The type of backflow prevention assembly required is determined by the degree of hazard. In other words, the severity of the actual or potential hazard will dictate what level of protection is necessary to adequately protect the drinking water. Possible health hazard cross connections require greater protection. A list of assemblies that are acceptable for installation in the City of Lawrence can be found on the USC Foundation for Cross Connection Control and Hydraulic Research website.
For temporary domestic possible cross-connections, such as a garden hose, a hose bib vacuum breaker is recommended.
Air Gap– An air gap is the most fail safe prevention of cross connection and can be used in high or low hazard applications and for continuous use for backsiphonage or backpressure. These are built in to all newer sink and bathtub faucet installations. There must be a gap from the vessel overflow rim to the water outlet of twice the diameter of the pipe feeding the vessel or a minimum of 1” of air whichever is greater.
AVB – An atmospheric vacuum breaker can be used for low or high hazards for non-continuous flow purposes. Usage cannon be more than 12 hours in a 24 hour period. It can have no valves downstream of installation and cannot be subject to back pressure. AVB devices must be installed 6” above the highest point of downstream piping.
DCVA – A double check valve assembly is a mechanical device consisting of two internally loaded soft seated check valves with positive shut-off valves on both upstream and downstream ends, and properly located test ports. A DCVA is suitable for low hazard applications only. It can be used for either backpressure or backsiphonage.
PVB or SVB– A pressure vacuum breaker or spill resistant pressure vacuum breaker can be used for continuous pressure use in high or low hazard situations. The assemblies must be 12” above the highest point of downstream piping and have no backpressure.
RPZ– A reduced pressure zone backflow preventer is an assembly of two independently acting soft seated approved check valves together with a hydraulically operated mechanically independent differential pressure relief valve located between the check valves and below the first check valve. This assembly can be used in high or low hazard continuous pressure situations. It cannot be installed in a pit. This assembly is suitable for backpressure or backsiphonage situations.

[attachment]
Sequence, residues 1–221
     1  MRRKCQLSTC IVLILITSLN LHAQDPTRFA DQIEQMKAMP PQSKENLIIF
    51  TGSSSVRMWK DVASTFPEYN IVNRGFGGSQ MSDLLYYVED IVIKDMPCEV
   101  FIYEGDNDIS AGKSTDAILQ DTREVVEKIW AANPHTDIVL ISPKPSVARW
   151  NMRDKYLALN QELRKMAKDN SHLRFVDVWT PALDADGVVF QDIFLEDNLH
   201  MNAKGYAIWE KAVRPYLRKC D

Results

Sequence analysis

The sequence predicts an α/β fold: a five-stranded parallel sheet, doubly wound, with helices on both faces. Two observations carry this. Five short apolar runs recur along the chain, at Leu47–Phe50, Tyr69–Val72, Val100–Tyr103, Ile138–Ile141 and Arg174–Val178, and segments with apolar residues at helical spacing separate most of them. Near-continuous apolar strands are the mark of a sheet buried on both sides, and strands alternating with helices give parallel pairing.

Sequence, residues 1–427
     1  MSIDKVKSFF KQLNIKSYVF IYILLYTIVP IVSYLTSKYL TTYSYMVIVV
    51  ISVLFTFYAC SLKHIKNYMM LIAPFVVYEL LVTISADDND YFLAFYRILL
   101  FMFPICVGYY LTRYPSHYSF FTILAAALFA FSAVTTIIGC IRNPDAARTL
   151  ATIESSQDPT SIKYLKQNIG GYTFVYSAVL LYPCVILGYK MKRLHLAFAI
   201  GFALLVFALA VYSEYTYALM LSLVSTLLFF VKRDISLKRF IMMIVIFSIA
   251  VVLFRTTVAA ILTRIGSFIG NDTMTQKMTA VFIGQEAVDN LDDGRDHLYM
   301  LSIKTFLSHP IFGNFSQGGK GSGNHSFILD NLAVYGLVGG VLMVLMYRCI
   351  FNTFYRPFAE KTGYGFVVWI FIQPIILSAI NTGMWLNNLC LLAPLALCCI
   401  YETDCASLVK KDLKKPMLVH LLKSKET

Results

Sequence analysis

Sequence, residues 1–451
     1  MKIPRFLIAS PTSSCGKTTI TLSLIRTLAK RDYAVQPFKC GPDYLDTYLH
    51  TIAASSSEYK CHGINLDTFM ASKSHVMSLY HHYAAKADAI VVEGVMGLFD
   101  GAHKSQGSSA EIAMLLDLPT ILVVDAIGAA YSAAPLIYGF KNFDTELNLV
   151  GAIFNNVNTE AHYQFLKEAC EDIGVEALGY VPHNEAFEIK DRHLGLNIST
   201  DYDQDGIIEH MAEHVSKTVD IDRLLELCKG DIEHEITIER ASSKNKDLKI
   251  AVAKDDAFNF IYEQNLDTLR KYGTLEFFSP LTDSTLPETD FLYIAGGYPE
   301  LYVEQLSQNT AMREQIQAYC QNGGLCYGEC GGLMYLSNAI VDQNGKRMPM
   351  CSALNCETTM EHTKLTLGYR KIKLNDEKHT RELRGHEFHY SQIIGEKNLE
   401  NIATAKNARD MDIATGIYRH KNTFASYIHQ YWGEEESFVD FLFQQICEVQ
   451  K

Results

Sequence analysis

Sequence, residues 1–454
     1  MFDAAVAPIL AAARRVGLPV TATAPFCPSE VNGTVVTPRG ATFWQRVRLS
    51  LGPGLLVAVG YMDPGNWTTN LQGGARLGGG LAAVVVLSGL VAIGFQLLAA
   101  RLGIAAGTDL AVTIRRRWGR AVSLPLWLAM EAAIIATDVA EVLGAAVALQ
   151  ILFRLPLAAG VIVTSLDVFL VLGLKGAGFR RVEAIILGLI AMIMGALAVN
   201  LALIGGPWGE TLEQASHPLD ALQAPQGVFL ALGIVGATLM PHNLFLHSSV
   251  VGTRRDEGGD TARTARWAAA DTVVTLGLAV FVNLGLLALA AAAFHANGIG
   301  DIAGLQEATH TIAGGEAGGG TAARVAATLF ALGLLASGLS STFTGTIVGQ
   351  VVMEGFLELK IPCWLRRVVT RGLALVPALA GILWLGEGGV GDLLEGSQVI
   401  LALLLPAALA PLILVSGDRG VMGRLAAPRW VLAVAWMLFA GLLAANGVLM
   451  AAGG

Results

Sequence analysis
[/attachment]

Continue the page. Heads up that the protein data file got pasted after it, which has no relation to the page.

ASSE 1022 Dual Check with Atmospheric Vent – A non-testable device that can be used under continuous pressure. Can be used on commercial coffee machines and beverage machines carbonated and non-carbonated. The material must be compatible with carbon dioxide gas if used on carbonated beverage machines.
A list of approved backflow assemblies and their installation specifications can be found at the University of Southern California website here. http://fccchr.usc.edu/list.html
What can you do to prevent backflow?
You should determine if there are potential cross-connections in your residential or commercial property. A cross connection is any unprotected connection of potable water to non-potable water or a potential hazard. Businesses with cross connection potential and homes with irrigation systems please ensure that cross connections do not exist or are properly protected and maintained. Protecting the water supply is the responsibility of both the water purveyor and the end user.
Next, you should investigate alternatives for eliminating or protecting against actual or potential cross-connections.
After determining the necessary method of cross-connection control, the appropriate plumbing changes or the addition of a mechanical backflow prevention assembly should be made by a professional plumber. Assemblies are required to be tested upon installation and annually thereafter by a certified and registered tester to ensure they are working appropriately. Devices that are not testable should be visually inspected for defects yearly.
- EPA Cross Connection Control Manual (PDF)
- EPA Potential Contamination Due to Cross Connections and Backflow and the Associated Health Risks
- City of Lawrence Code Chapter 19 Article 7 Cross Connection Control (PDF)
- Backflow Case Histories – Florida Department of Environmental Protection
- American Backflow Prevention Association
- USC Foundation for Cross Connection Control and Hydraulic Research